Is HRT Safe for Menopause? New Guidelines Say Yes
February 13, 2023
For over two decades, health care providers have been reluctant to prescribe hormone replacement therapy (HRT) to help women manage symptoms of menopause such as hot flashes, night sweats, vaginal dryness and painful sex, weight gain, depression and joint pain. Fortunately, new guidelines are offering women much-needed relief.
Benefits of Menopausal Hormone Therapy
For many women, menopause symptoms can greatly affect their quality of life. In addition to the symptoms mentioned above, women often experience mood changes, insomnia, inability to concentrate (brain fog) and a dwindling sex drive.
HRT, also called menopausal hormone therapy (MHT), can help manage all of these symptoms and may also:
- Protect against osteoporosis (bone loss) and fractures
- Lower the risk of diabetes and heart disease
- Prevent or reduce urinary tract infections (vaginal estrogen only)
- Relieve dry skin, nails and eyes
In general, when MHT is started in women before age 60 or within 10 years of menopause without any medical contraindications, the benefits typically outweigh the risks.
Why Were Women Advised Against HRT?
A study in 2002 by the Women’s Health Initiative found a link between hormone therapy and an increased risk of blood clots and breast cancer. Fear took hold and, since that study, countless women endured the often debilitating symptoms of menopause and perimenopause (the years leading up to menopause) without relief.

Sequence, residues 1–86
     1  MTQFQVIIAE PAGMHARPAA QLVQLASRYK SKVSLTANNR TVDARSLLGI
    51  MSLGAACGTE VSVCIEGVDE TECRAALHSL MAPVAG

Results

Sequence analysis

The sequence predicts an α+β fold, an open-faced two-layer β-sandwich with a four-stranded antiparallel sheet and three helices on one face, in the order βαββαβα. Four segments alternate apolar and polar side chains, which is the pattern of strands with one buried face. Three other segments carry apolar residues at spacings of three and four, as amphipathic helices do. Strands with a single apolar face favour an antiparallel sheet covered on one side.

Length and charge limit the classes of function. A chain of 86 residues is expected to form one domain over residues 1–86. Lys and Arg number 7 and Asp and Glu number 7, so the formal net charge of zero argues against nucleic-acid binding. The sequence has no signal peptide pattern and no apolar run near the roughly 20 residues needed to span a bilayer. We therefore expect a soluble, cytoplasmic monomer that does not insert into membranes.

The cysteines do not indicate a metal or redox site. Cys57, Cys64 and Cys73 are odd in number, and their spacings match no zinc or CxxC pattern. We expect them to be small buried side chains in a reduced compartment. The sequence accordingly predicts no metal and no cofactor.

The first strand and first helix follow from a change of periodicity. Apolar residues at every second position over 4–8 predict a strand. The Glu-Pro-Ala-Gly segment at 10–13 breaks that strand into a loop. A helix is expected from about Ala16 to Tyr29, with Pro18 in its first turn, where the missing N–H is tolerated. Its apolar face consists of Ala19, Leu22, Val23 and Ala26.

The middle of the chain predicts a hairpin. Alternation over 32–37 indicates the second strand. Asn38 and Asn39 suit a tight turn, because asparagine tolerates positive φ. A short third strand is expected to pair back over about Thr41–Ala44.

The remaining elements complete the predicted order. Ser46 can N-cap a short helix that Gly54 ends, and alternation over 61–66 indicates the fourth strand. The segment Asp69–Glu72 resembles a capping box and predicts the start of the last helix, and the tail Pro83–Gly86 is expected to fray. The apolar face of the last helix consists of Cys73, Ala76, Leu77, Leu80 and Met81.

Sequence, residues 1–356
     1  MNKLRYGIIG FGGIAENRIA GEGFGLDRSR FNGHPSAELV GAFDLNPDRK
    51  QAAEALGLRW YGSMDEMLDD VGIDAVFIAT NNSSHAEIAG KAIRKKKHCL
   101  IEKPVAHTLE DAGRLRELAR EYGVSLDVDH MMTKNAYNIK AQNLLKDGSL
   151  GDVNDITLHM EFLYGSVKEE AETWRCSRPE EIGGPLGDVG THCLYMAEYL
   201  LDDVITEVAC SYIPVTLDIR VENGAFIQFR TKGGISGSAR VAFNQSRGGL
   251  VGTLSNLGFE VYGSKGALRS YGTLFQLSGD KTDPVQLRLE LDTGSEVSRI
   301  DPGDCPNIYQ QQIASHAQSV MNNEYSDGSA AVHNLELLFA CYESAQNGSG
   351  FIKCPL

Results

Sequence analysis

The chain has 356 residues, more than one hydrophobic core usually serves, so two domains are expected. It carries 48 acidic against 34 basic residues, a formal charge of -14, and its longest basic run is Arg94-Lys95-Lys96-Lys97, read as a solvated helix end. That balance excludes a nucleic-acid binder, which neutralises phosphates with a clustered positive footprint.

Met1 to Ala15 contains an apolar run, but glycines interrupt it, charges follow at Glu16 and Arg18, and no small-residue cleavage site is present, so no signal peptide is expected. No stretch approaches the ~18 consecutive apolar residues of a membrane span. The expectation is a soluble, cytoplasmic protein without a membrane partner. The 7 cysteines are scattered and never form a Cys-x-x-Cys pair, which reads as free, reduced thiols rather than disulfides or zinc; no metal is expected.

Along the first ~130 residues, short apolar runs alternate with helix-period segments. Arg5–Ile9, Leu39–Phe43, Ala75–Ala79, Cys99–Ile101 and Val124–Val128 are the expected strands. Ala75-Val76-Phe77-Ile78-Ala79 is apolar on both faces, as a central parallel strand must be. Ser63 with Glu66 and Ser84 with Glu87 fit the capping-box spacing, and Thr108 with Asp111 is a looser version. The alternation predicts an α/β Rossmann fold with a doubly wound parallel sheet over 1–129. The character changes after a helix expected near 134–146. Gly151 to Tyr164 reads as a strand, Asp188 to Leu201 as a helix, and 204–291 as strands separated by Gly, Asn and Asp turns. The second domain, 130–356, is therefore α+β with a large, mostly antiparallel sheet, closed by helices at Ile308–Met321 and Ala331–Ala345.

Dozens of studies since 2002 have provided evidence that MHT may be safer than previously believed. The women in the 2002 study were older and prescribed MHT for a much shorter period of time. “The risks, while still worthy of discussion with your provider, are actually quite minimal,” says Jean Marino, CNP, women’s health nurse practitioner and certified menopause practitioner at University Hospitals.
A Shared Decision between Each Woman and Their Provider
In 2022, the North American Menopause Society (NAMS) published a new position statement on menopausal hormone therapy. Instead of issuing broad restrictions for the use of MHT, the new recommendations state that the risks and benefits of hormone therapy should be discussed with each individual patient.
“These shared decision-making conversations should consider the woman’s age, medical history, existing medical conditions and medications, and the severity of her symptoms,” says Marino.
“A woman and her provider should decide if MHT is right for her and work together to find the correct dose to effectively manage her symptoms. Determining the duration of MHT should also be a shared decision with no mandatory cut-off age.”
What Are the Different Types of MHT?
MHT delivers estrogen and/or progesterone in different strengths and formulations. The best dosage, formulation and delivery method to manage menopause symptoms is different for every woman.
Considered the gold standard for the treatment of hot flashes, estrogen is also helpful for mood changes, brain fog/difficulty concentrating, joint pain, dry hair/eyes and difficulty sleeping. It is available in several formulas, including:
- Oral: Usually less expensive and may help with acne and chin or chest hair growth.
- Transdermal Patch, Gel or Spray: Transdermal estrogen may be safer for women at higher risk of blood clots and those with heart disease or high triglycerides.
- Vaginal Cream or Suppository: A very safe option, vaginal estrogen can effectively treat the symptoms of genitourinary syndrome of menopause (GSM), which include vaginal dryness and inflammation, urinary frequency/urgency, urinary tract infections, lowered sexual arousal and difficulty reaching orgasm.